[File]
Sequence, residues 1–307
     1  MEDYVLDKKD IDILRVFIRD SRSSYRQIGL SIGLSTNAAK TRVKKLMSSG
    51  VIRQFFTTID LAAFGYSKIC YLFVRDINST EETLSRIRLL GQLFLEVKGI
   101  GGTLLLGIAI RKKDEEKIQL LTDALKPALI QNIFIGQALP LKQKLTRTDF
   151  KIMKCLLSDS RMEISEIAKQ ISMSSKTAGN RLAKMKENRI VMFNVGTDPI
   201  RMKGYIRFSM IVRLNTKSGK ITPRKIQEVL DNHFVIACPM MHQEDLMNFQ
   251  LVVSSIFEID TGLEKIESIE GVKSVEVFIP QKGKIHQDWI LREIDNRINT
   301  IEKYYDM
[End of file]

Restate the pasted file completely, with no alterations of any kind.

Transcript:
Sequence, residues 1–307
     1  MEDYVLDKKD IDILRVFIRD SRSSYRQIGL SIGLSTNAAK TRVKKLMSSG
    51  VIRQFFTTID LAAFGYSKIC YLFVRDINST EETLSRIRLL GQLFLEVKGI
   101  GGTLLLGIAI RKKDEEKIQL LTDALKPALI QNIFIGQALP LKQKLTRTDF
   151  KIMKCLLSDS RMEISEIAKQ ISMSSKTAGN RLAKMKENRI VMFNVGTDPI
   201  RMKGYIRFSM IVRLNTKSGK ITPRKIQEVL DNHFVIACPM MHQEDLMNFQ
   251  LVVSSIFEID TGLEKIESIE GVKSVEVFIP QKGKIHQDWI LREIDNRINT
   301  IEKYYDM